After the procedure, all patients were strictly observed for 7 days. The primary outcome measure was the serum total bilirubin level. The secondary outcome measures were clinical manifestations such as abdominal pain, fever, jaundice, leucocyte count, liver function tests (serum alanine transaminase [ALT], gamma-glutamyltransferase [GGT]), adverse events related to ERCP, and catheter (or stent) blockage or migration. Pancreatitis after ERCP is a clinical illness with typical pain associated with at least a three-fold increase in serum amylase (or lipase) at 24 hours, with symptoms impressive enough to require admission to hospital for treatment [13]. Procedure-related pancreatitis was resolved with conservative therapy including treatment with somatostatin. The immediate bleeding was not counted as a complication if it could be stopped by endoscopic manipulation during the procedure. Postprocedure bleeding was treated with endoscopic or interventional methods. Flushing or subsequent nasobiliary catheter replacement was utilised to alleviate inadequate drainage when blockage or migration occurred. In addition, the patients’ discomfort after the procedure was evaluated with a 10-cm visual analogue scoring system (0, no discomfort; 10, severe discomfort). The amount and the characteristics of the bile drained during nasobiliary drainage were monitored. After symptom relief, all patients underwent a second elective ERCP or surgery to remove bile duct stones.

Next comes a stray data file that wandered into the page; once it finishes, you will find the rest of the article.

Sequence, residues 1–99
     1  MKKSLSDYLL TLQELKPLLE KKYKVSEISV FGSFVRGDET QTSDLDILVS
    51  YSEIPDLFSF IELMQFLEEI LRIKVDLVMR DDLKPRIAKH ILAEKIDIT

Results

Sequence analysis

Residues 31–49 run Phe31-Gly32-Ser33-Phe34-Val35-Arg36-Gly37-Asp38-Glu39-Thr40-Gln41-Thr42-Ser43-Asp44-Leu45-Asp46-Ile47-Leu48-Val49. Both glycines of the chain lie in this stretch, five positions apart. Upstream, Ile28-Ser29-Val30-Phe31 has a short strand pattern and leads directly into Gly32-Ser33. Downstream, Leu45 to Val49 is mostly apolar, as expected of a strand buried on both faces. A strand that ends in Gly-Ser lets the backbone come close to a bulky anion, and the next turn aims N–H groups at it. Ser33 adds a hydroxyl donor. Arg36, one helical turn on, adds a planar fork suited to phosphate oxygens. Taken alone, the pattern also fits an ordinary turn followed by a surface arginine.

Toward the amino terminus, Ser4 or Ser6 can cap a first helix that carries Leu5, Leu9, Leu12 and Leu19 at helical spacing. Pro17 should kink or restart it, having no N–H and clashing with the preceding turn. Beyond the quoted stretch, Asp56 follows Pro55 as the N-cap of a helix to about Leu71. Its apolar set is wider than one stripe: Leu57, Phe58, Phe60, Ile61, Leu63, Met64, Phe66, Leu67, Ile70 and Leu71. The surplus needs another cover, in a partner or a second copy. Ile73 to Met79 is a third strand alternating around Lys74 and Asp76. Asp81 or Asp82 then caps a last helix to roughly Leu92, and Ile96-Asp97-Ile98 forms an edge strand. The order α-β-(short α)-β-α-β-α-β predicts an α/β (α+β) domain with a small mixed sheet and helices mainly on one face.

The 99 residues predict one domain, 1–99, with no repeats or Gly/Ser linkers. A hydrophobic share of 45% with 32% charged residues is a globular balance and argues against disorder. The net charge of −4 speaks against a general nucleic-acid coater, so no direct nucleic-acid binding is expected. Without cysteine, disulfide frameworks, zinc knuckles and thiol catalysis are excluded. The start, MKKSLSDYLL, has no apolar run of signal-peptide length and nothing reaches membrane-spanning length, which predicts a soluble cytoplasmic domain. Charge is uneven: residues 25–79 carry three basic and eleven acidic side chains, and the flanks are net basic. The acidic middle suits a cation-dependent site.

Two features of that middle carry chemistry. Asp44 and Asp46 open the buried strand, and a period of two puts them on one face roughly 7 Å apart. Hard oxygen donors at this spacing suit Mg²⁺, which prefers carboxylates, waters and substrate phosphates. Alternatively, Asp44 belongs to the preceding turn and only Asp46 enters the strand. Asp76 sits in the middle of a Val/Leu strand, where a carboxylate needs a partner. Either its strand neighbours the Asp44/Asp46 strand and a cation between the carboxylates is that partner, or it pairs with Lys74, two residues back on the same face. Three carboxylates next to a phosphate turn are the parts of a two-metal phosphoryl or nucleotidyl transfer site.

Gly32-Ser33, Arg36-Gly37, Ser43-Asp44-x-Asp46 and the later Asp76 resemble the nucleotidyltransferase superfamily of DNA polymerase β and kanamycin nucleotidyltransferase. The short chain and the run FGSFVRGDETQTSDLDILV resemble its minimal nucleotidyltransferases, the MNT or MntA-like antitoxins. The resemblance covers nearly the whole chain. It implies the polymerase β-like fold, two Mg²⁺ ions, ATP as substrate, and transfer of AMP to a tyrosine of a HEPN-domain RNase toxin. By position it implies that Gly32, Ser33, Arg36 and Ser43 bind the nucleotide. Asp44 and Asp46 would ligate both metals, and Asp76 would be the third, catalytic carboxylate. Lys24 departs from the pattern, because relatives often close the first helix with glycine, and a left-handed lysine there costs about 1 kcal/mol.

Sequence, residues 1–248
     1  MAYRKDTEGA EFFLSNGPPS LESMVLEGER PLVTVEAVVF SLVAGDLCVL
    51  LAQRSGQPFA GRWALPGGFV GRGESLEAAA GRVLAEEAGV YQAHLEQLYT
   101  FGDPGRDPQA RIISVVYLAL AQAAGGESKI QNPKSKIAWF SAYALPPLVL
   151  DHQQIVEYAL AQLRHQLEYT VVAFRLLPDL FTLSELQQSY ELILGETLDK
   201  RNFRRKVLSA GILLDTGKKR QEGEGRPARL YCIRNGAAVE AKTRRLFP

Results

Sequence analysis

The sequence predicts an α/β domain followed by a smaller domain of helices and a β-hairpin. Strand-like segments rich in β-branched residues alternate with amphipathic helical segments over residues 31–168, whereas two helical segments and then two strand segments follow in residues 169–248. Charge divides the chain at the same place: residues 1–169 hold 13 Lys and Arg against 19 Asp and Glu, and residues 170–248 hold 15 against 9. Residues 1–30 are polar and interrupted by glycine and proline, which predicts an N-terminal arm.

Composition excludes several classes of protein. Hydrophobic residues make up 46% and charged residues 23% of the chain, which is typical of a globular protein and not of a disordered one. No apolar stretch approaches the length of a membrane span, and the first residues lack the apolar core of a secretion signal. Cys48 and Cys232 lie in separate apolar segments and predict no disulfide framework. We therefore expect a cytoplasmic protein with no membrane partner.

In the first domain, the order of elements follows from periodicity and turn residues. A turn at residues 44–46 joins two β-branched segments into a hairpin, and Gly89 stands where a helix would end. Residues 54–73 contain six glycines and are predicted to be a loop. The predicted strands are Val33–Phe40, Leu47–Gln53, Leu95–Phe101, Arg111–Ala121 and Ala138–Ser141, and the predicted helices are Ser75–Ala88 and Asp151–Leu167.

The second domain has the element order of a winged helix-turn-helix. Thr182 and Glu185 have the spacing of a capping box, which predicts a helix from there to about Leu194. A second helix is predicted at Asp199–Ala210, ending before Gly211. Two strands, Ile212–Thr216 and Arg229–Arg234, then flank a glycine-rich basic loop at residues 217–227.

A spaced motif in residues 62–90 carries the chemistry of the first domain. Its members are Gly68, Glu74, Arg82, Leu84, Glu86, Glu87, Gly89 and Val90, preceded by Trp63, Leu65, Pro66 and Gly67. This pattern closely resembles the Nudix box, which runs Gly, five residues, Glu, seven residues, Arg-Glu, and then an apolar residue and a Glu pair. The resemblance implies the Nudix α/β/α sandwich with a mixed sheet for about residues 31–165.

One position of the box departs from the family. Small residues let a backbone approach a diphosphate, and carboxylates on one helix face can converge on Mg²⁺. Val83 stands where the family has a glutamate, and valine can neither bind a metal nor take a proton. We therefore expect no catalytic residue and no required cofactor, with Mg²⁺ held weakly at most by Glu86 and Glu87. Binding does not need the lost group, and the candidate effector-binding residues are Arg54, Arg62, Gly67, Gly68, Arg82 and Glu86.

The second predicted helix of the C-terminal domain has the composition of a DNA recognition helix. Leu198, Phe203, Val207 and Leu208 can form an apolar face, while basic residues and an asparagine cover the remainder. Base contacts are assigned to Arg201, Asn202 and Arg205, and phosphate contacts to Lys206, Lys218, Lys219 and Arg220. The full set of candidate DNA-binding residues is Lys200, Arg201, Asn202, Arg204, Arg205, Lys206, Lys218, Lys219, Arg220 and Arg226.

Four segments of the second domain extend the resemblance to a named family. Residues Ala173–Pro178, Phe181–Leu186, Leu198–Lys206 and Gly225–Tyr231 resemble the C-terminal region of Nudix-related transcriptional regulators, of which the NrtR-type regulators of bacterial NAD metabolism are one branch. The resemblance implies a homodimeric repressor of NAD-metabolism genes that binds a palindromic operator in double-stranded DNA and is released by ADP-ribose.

Statistical analysis

All statistical analyses were performed with statistical software (SPSS 11.0). A two-sample t-test was used to test the hypothesis of equality of means. Categorical data were analysed with the Fisher's exact test. A p value <0.05 was considered statistically significant.

Table 1: Baseline demographic and clinical characteristics of the patients undergoing emergency ERCP.
CharacteristicsENBD Group (n = 47)ERBD Group (n = 47)
Sex (M/F)28/1931/16
Age (y) (mean ± SD)56.8 ± 19.255.3 ± 17.1
Clinical characteristics (n [%])  
    Right upper quadrant pain45/47 (95.7)42/47 (89.4)
    Fever38/47 (80.9)40/47 (85.1)
    Jaundice21/47 (44.7)19/47 (40.4)
    Confusion4/47 (8.5)6/47 (12.8)
    Hypotension7/47 (14.9)8/47 (17)
Duration of symptoms (d) (mean ± SD)1.3 ± 0.71.5 ± 0.6